|Grupo Siete: Sí, somos badasses.|
Spain's always been pretty hip. They were Islamic less than a century after the Prophet (before everyone else was into it, etc etc), you gotta love any country capable of winning the World Cup AND a gold medal in Olympic basketball—which could totally happen if Dwight Howard's back is actually injured; for bigs, Spain has the Gasol brothers and Serge Ibaka, the latter of whom represents a truly awesome blatant bit of underhandedness, as Mr. Ibaka is from the Congo, and the only reason he plays for Spain internationally is because fuck you, that's why—and there's Ibiza, Gaudi in Barcelona, Elena Anaya, Penelope Cruz. Basically what I'm saying is, Spain's really going out of its way to ingratiate itself to me. That opening shot in Sexy Beast with Ray Winstone just fucking basking is like the whole country is like “Hey, minus the accent, acting talent, and ability to not shit yourself when Ian McShane is pissed at you, THIS COULD BE YOU, BOWES!” The latest in Spain's outreach campaign is director Alberto Rodriguez's cop drama Unit 7 (original title: Grupo 7). They have Elena Anaya, basketball, and ownage? I may have to emigrate.
Unit 7 tells the story of a special police detail, assigned to eliminate (or eliminate the appearance of) the drug trade in Sevilla in preparation for the 1992 Expo. They've got four years. Over the course of those years, the unit's ruthless pursuit of its goal causes them to run afoul of Internal Affairs, the media, their significant others, and, of course, the dealers. It's a pretty standard cop movie scenario, because there are only so many cop movie scenarios to choose from, but like the best cop movies, it uses its policier aspects as a template, into which it fills in its real concerns. In this case, that's the observation that institutional power values appearances over reality, and that in the pursuit of those squeaky-clean appearances, the cops are even more in danger of losing their souls than their lives.
Inescapably, any urban cop story (especially one with parallels this direct) is going to be compared to The Wire, though Unit 7's cynicism about institutions bleeds down to color the foot soldiers as well. Grupo Siete don't blink at stealing heroin to suborn junkies into snitching, or beating the living fuck out of unarmed suspects to make a point, or straight going rogue and lighting recalcitrant dealers up like Nochevieja. On the other hand, though Grupo Siete pulls some pretty skeevy shit in the interests of eliminating Sevilla's drug problem, they're not bad guys; it's a little hard to root for them at times, but ultimately one gets the sense that their circumstances bear a lot of the responsibility for their bad deeds.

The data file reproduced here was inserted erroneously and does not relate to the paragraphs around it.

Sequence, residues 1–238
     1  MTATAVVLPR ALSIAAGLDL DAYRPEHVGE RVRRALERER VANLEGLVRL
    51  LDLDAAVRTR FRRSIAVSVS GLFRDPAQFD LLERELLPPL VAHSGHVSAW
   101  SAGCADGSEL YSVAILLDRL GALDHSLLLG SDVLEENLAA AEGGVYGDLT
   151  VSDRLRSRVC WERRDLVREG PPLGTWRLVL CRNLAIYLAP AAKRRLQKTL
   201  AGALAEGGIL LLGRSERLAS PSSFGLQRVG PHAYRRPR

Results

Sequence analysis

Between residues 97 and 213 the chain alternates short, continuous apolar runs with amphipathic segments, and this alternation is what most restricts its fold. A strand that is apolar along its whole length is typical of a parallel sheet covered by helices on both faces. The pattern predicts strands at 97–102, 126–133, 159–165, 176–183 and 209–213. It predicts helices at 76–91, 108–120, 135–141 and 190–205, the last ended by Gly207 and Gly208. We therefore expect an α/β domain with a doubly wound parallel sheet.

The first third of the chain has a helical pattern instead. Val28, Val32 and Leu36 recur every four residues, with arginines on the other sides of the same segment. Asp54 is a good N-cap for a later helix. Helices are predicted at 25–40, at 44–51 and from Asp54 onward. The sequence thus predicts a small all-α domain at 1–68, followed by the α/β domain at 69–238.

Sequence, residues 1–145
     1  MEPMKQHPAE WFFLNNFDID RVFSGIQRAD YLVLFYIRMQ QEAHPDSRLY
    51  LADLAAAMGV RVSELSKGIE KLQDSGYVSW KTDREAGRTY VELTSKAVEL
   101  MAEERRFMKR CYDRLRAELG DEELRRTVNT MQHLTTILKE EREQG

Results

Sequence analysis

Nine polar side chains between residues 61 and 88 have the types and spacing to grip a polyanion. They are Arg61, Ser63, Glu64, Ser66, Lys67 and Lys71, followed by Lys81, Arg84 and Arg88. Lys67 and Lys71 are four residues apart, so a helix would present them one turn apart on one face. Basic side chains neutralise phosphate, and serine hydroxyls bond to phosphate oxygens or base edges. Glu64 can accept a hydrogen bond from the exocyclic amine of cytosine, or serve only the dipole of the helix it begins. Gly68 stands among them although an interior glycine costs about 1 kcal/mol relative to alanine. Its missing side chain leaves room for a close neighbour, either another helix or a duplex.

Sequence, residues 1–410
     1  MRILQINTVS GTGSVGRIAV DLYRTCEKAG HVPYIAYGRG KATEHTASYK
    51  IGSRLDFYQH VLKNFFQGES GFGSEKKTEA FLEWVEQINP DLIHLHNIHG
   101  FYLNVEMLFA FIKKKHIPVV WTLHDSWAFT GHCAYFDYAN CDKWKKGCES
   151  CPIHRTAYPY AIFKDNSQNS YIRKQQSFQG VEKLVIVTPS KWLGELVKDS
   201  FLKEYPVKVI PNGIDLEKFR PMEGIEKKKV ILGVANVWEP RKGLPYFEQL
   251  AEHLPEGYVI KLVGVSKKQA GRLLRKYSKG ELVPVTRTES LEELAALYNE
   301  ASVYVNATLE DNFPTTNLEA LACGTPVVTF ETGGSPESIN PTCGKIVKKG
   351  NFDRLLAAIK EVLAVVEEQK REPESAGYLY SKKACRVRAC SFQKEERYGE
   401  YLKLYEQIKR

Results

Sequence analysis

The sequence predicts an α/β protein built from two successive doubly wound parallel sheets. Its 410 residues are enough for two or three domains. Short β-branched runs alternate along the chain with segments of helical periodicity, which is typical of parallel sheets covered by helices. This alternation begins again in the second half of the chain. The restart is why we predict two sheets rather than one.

The two main cops in the unit, the young, ambitious Angel (Mario Casas) and the hardened, volatile veteran Rafael (Antonio de la Torre) end up gradually turning into one another: Angel starts out the naïve young kid with the pretty wife and kid and ends up becoming consumed by an ends-justify-the-means attitude toward his job and ambition. Rafael, on the other hand, is mean as a fuckin snake at the outset but finds some degree of serenity in an unconventional and unexpected relationship. Both actors are goddamn outstanding at conveying all this, and the story does a beautifully economical job of doling out exposition, doing a better job telling a story through what it omits than most movies do leaving everything in.
So the acting and narrative parts are all excellent, but ho boy the ownage sequences are fuckin outta sight. As ownage goes it's naturalistically derived, so you don't get the weaponized refrigerators of The Raid: Redemption, the sliding down the bannister with a toothpick in your mouth two-gun-shooting dozens of bad guys of Hard Boiled, or Albert Finney's fuckin Hanukah tommy gun in Miller's Crossing that kept continuously firing for eight days and nights. But those movies all exist, so you can watch them if you want to see that kind of thing. When people get owned in Unit 7, it's pretty much like someone getting owned in real life, except boosted by a factor of 1.2 or so because the sound design provides a subtle (and, frankly, necessary) heightening so that there's no mistake about the fact that whoever's getting owned is getting fucking owned, but it doesn't strain credibility.
When Unit 7 ends, it kind of feels like you just put down a James Ellroy novel. It's not exactly a happy feeling, but it's a feeling of having been in the presence of something really fucking well done. And, you know, the occasionally disturbing violence (there's one scene in particular just over halfway through about which dog lovers should be cautioned) and the overwhelming cynicism that comes invariably from spending too long pondering the realities of institutional law enforcement. Though, it should be said, a movie as well-done as Unit 7 carries with that slightly melancholy feeling an undercurrent of exhilaration, of having come through an adventure alive.
A well-done character study has its own reward, as is a well-done ownage picture, but both at the same time is occasion to take notice. Unit 7 is being distributed by Warner Bros, so keep an eye out either in the trades or my Twitter, whichever you prefer, cuz the second I hear about when the rest of y'all can check this out, I'm going to be urging anyone who likes cop movies and/or ownage to go see this joint. It's really fuckin good, people.